“When people of faith discover that you’re an atheist, they inevitably adopt a tone of twoparts incredulity and three parts condescension and demand that you explain, as a supposed spokesperson for All of Science, what they consider to be the great mysteries of the universe.
‘So where do you think we came from, then?’
‘What about all the miracles?’
‘What about people who’ve died and seen a bright white tunnel with their loved ones at the end of it?’
‘How do you know what’s right and what’s wrong?’
‘If there is no God, then what’s it all for?’
I can’t really answer these questions although I’ll try: See The Big Bang, primordial soup and evolution for question one; I’ll start taking miracles seriously when someone miraculously regenerates an amputated limb; no one who has actually died for real, i.e. died and stayed that way, has been able to tell us about bright lights, tunnels, etc. and these images could well be the hallucinations or symptoms of a dying brain; are you saying that the only reason you don’t rape or murder is because you fear the judgment of God if he caught you doing it?; it’s for life, to see the world and everything in it, to be lucky enough to be here feeling the full spectrum of the human experience – love, joy, friendship – for as long as it lasts. More to the point, I don’t need to answer them because I don’t believe in anything. I’m not the one carrying the burden of proof.
If I came to you and said that last night three little green men flew in through my bedroom window, abducted me and took me aboard their alien mothership for an unpleasant medical exam and you said it was a dream I had, on whom would be the onus to prove they were telling the truth?
Just because many people believe a particular thing and it has been believed for a long, long time doesn’t make it fact. There was a time when everyone on earth, including its greatest minds, believed it was flat.
Moreover, I don’t want to talk about it. Asking me to talk about religion is like asking me to talk about my career in the army – neither of them exist in my life, so why even ask?
The only other thing I will say about this atheist business is that the contempt, hatred and scorn directed towards us scares and upsets me. Professor Richard Dawkins, author of The God Delusion, regularly gets death threats – which doesn’t seem very Christian to me – and there’s many a ‘F*%k Atheists’ group on Facebook and in real life.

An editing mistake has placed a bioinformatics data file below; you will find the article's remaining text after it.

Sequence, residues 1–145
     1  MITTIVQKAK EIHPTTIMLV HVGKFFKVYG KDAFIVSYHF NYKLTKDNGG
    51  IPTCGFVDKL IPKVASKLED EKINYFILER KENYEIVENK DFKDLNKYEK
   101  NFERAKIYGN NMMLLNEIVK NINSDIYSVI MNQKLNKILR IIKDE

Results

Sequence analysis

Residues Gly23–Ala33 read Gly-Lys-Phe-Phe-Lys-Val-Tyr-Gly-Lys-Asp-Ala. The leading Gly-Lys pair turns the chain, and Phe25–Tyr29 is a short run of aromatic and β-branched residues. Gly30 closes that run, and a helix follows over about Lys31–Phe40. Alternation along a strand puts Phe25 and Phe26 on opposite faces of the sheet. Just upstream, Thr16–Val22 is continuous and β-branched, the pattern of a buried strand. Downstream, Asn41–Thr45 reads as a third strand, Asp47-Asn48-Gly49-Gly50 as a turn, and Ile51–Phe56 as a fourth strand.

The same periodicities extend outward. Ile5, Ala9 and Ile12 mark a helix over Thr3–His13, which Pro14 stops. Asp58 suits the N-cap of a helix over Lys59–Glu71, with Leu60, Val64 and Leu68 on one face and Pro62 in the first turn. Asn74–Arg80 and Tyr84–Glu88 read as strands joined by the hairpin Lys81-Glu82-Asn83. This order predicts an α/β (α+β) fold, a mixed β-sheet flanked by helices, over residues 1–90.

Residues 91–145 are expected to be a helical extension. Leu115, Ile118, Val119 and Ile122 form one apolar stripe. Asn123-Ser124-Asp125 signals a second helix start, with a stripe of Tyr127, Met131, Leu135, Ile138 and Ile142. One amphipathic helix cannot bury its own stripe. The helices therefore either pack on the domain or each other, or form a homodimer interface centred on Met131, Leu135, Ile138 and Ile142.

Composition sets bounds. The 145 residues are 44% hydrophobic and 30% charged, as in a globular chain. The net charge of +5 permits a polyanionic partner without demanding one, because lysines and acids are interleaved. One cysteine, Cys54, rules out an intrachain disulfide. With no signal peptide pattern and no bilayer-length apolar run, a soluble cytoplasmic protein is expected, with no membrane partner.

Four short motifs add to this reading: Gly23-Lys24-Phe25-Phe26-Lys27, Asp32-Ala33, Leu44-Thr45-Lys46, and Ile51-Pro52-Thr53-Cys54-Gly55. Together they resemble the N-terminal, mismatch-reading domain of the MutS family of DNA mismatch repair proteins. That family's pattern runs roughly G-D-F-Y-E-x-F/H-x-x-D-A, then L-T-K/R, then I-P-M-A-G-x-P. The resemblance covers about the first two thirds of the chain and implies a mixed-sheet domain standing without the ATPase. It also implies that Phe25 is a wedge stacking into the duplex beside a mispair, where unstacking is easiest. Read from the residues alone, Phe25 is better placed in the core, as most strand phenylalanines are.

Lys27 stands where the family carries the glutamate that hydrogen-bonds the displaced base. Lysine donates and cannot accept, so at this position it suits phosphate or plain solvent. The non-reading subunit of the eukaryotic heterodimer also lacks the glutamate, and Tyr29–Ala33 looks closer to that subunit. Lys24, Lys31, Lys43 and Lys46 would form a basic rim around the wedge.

People of faith seem to think that theists can’t be anything other than blasphemous sinners who habitually lie, swear, cheat, steal, drink, take drugs, have sex before marriage, work on Sundays and kill people. But we’re not evil. We’re as good if not better than our religious counterparts.
I know that I, for one, am just lovely.”
This is different to the rest of the chapter, which starts with me wondering where Jurassic Park meets The Bible, then goes on to describe the whole ‘Happy Holidays’ debacle and Creationism in schools debate that Central Florida was experiencing over Christmas 2006, and then moves to the religious theme park. I think this bit (above) IS a lecture, or at least reads like one. I thought it was balancing out the chapter, a counteraction to the arguments I knew would be rising up in readers’ minds, but now I think it’s just leaving them with a bad taste in their mouths.
When I read or hear people say they don’t like this or it seems out of place, it’s like that ‘Who is the joke on?’ question all over again. It makes sense to me.
So I’m considering taking it out. Not the entire chapter, just the bit reprinted above. Instead it will end with me being told ‘Be blessed’ by an employee of the religious theme park in the same way Disney Cast Members bid you a ‘Have a magical day.’ But before I do, I’d love some feedback. So tell me:
What do YOU think?
Should I just leave it the way it is? I am pandering to the vocal few instead of taking into consideration the silent majority? Or is leaving that bit doing a disservice to the rest of the book? Leave a comment below or email me via the Contact page, pretty please.
P.S. Fun fact: the ‘IN GOD WE TRUST’ chapter was originally supposed to end like this: “I know that I, for one, am just lovely. But now I better go. I’ve a Sunday morning drug-fueled f–king orgy to get to.” Can you imagine the reviews then?!